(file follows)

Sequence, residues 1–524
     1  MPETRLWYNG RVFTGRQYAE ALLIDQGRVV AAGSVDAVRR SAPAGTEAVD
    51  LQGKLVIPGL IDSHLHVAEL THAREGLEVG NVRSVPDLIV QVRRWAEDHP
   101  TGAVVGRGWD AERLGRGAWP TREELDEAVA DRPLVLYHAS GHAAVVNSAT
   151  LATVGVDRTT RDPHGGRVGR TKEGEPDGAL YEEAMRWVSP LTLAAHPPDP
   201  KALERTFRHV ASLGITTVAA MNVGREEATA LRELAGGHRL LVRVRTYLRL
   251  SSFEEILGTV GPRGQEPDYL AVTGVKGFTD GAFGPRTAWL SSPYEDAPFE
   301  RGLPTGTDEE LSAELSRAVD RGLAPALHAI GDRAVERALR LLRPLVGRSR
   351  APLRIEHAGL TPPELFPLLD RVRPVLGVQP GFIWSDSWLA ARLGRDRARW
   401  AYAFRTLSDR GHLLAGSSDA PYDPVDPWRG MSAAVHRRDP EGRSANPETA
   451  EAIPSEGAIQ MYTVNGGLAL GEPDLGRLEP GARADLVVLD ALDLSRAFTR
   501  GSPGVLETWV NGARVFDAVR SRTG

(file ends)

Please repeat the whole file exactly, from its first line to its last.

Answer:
Sequence, residues 1–524
     1  MPETRLWYNG RVFTGRQYAE ALLIDQGRVV AAGSVDAVRR SAPAGTEAVD
    51  LQGKLVIPGL IDSHLHVAEL THAREGLEVG NVRSVPDLIV QVRRWAEDHP
   101  TGAVVGRGWD AERLGRGAWP TREELDEAVA DRPLVLYHAS GHAAVVNSAT
   151  LATVGVDRTT RDPHGGRVGR TKEGEPDGAL YEEAMRWVSP LTLAAHPPDP
   201  KALERTFRHV ASLGITTVAA MNVGREEATA LRELAGGHRL LVRVRTYLRL
   251  SSFEEILGTV GPRGQEPDYL AVTGVKGFTD GAFGPRTAWL SSPYEDAPFE
   301  RGLPTGTDEE LSAELSRAVD RGLAPALHAI GDRAVERALR LLRPLVGRSR
   351  APLRIEHAGL TPPELFPLLD RVRPVLGVQP GFIWSDSWLA ARLGRDRARW
   401  AYAFRTLSDR GHLLAGSSDA PYDPVDPWRG MSAAVHRRDP EGRSANPETA
   451  EAIPSEGAIQ MYTVNGGLAL GEPDLGRLEP GARADLVVLD ALDLSRAFTR
   501  GSPGVLETWV NGARVFDAVR SRTG